"Every once in a while, I encounter an actor who, although playing a familiar character, seems to re-invent it and show details of it that have never before been displayed. Such is Ralph Fiennes portrayal of Heathcliff in this film. I was not at all surprised that Spielberg chose him for "Schindler's List" after watching this film--Fiennes' Heathcliff is almost wholly unsympathetic (he is a wife---and child-- abuser) but Fiennes lets us know the inner heartbreak that drives Heathcliff to such meanness. Previous Heathcliffs have been more stock romantic leads--the original Moody Guys a' la' James Dean.I can't really understand the extreme negativity of the "official" reviews--it appears that the movie, as is the novel, its characters, the author, and her entire family is a little off-center and out of the mainstream. The Brontes were a bunch of weird and wild kids in a weird and wild part of the world, and "Wuthering Heights" is a weird and wild book--not a proper Victorian romance, as other reviewers have suggested. Comparing Emily Bronte to Jane Austen is like comparing William Faulkner to John Grisham because they are both from Mississippi. None of Austen's characters could survive in Bronte's Yorkshire, and the Brontes would probably be unwelcome in Austen's stately Hampshire homes. I,too, liked this book as a teenager, and now have the opportunity to teach it to high schoolers,and I must say my students generally prefer this novel and this film treatment to most others in British Literature. The film does have its flaws--but not enough to make it unwatchable, and having spent a wild, rainy weekend in the Bronte's hometown of Haworth, Yorkshire, I do believe the film aptly captures the mood of that forbidding place.As for the choice of Sinead O'Connor to play Emily "framing" the "frame story"-- all I can guess is that she does bear a passing resemblance to the portrait of Charlotte Bronte that hangs over my computer (great, big, intense eyes). Plus the Brontes were ethnically Irish. Watch this film to help your English lit grade, to observe a truly artful nuanced acting performance, to enjoy some beautiful scenery, or just enjoy a weepy gothic romance. Any way you look at it, it can't possibly be a waste of time."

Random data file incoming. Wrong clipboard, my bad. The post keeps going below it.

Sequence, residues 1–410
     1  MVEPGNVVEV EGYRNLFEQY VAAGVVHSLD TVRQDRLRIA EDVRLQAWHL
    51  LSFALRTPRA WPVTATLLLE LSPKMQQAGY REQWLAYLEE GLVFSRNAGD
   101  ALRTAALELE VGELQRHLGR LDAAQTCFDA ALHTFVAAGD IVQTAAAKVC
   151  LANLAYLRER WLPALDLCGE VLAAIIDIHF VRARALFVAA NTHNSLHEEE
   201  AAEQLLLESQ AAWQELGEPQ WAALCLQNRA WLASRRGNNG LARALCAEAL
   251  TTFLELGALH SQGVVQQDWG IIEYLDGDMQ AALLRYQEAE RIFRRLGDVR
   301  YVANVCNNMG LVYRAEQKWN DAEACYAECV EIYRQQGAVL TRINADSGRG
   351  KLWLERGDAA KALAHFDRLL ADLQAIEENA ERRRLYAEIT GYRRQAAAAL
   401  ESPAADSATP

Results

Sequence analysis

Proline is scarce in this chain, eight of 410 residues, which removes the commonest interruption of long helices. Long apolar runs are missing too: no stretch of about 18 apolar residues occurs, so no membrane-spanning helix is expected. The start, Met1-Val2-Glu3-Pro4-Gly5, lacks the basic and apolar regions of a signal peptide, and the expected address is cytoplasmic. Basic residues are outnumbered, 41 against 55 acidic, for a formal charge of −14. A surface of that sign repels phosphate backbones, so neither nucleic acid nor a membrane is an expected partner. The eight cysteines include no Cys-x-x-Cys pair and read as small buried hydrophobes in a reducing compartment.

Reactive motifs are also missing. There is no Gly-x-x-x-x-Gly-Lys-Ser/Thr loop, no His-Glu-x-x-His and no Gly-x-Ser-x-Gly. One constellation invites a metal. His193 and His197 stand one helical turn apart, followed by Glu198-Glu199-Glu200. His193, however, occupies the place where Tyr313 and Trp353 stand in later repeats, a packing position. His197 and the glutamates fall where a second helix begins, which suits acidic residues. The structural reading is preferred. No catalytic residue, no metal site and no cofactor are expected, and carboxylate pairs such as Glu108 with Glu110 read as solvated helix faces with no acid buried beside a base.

"Heathcliff, do come to me."
CoffeeGurl | MA | 11/25/2006
(5 out of 5 stars)
"To me, Heathcliff is one of the most complex and compelling characters ever written and I had once thought that any actor would fall short in playing him in a film or miniseries. Having watched this beautiful and haunting adaptation of one of my favorite novels of all time, I have to say that Ralph Fiennes has more than succeeded in bringing the aforementioned anti-hero to life. Emily Bronte would have been proud. Everyone who has read Wuthering Heights knows about the tragic love story between Cathy and Heathcliff and how he becomes a dark, brooding, manipulative, diabolical man who takes his revenge on the people who he feels have wronged him and torn him away from Cathy, including her daughter and his own child and ward. Fiennes brings out Heathcliff's many conflicting emotions flawlessly and his performance floored me. Juliette Binoche as Cathy Linton/Catherine Earnshaw is great as well. The supporting cast is quite splendid too -- no cardboard cutout performances here! The backdrop of the moors is beautiful and gothic, just like Bronte described them in her book. I am very impressed with this adaptation. I haven't seen the 1939 film adaptation or the miniseries from Masterpiece Theater yet, but I wonder if they come close to this wonderful film. The BBC will produce an adaptation some time next year and I think that Richard Armitage (North and South) would make a wonderful Heathcliff because he too could bring many nuances to his acting. In the meantime, I shall treasure this one and watch it over and over again."
Best version ever.
ASHTON C. LUCAS | Sydney Australia | 01/03/2007
(4 out of 5 stars)
"Probably the most romantic/tragic movie I've ever watched. Leaves the Laurence Olivier et.al. version for dead. (That movie finished half way through the book). Ralph Fienne's tortured and damged Heathcliffe is mesmerising, but WHO cast Sinaid O'Connor for Christ's sake??? And Binoche as Cathy is of course "haunting"-(sorry couldnt help it!!!) The eponymous scenery and the music score stay in your memory long after the film has ended. You'd be a hard heart not to enjoy this one"
Debbie Hogan | Hayward, CA USA | 11/08/2006
(5 out of 5 stars)
"I remember seeing this film years ago on , I think , Masterpiece Theatre and wondering at Ralph Fienne's hypnotic, erotic, passionate portrayal of the tortured, manipulative, vindictive Heathcliff. Last night, I found myself watching bits of it on "YouTube" and fell in love all over again. Impulsive girl that I am, I immediately came here to amazon and bought the dvd. To me, there is no finer character in literature than Heathcliff and there is no more powerful study of the devastating effects of romantic love than Wuthering Heights. This film does justice to both."